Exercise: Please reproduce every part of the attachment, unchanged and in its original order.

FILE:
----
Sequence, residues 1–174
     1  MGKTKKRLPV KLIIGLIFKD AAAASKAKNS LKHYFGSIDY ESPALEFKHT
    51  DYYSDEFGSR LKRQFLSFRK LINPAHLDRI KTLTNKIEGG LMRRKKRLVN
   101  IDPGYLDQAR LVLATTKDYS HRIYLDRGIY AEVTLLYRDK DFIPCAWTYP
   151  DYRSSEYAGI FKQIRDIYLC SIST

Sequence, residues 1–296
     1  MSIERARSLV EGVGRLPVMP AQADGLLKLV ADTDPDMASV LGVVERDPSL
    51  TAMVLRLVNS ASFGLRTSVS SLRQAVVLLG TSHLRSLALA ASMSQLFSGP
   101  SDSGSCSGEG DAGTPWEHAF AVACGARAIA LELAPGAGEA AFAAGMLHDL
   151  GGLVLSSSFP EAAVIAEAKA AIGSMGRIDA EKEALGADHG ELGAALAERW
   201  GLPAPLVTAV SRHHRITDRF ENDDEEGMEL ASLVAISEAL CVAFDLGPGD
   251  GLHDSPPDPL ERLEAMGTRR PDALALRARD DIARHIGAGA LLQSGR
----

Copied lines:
Sequence, residues 1–174
     1  MGKTKKRLPV KLIIGLIFKD AAAASKAKNS LKHYFGSIDY ESPALEFKHT
    51  DYYSDEFGSR LKRQFLSFRK LINPAHLDRI KTLTNKIEGG LMRRKKRLVN
   101  IDPGYLDQAR LVLATTKDYS HRIYLDRGIY AEVTLLYRDK DFIPCAWTYP
   151  DYRSSEYAGI FKQIRDIYLC SIST

Sequence, residues 1–296
     1  MSIERARSLV EGVGRLPVMP AQADGLLKLV ADTDPDMASV LGVVERDPSL
    51  TAMVLRLVNS ASFGLRTSVS SLRQAVVLLG TSHLRSLALA ASMSQLFSGP
   101  SDSGSCSGEG DAGTPWEHAF AVACGARAIA LELAPGAGEA AFAAGMLHDL
   151  GGLVLSSSFP EAAVIAEAKA AIGSMGRIDA EKEALGADHG ELGAALAERW
   201  GLPAPLVTAV SRHHRITDRF ENDDEEGMEL ASLVAISEAL CVAFDLGPGD
   251  GLHDSPPDPL ERLEAMGTRR PDALALRARD DIARHIGAGA LLQSGR